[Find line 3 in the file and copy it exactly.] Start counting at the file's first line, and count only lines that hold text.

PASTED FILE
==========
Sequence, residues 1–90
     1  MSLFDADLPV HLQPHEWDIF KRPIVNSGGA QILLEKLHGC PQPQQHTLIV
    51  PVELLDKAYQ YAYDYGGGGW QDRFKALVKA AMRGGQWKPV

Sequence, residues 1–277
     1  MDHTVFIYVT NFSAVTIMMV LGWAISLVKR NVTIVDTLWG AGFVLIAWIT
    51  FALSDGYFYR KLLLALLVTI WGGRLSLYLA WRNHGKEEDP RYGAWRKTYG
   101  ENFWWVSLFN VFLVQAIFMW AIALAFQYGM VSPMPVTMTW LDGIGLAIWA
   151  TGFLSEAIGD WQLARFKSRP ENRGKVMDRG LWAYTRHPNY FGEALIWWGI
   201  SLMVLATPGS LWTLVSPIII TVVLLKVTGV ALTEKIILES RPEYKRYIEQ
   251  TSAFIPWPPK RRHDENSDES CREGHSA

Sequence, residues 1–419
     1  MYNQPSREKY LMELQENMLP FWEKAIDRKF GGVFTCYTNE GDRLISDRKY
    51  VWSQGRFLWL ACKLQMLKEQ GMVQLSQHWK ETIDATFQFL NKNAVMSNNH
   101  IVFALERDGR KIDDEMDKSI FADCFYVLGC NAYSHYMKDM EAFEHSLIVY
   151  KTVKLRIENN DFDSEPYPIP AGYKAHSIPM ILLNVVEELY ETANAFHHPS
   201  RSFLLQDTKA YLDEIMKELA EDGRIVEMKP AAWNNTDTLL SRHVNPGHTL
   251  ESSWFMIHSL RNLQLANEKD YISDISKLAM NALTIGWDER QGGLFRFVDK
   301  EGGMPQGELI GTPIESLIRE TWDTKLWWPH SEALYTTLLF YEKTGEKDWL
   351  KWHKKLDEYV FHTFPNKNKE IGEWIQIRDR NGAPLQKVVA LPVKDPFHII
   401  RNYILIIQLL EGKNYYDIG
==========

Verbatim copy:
    51  PVELLDKAYQ YAYDYGGGGW QDRFKALVKA AMRGGQWKPV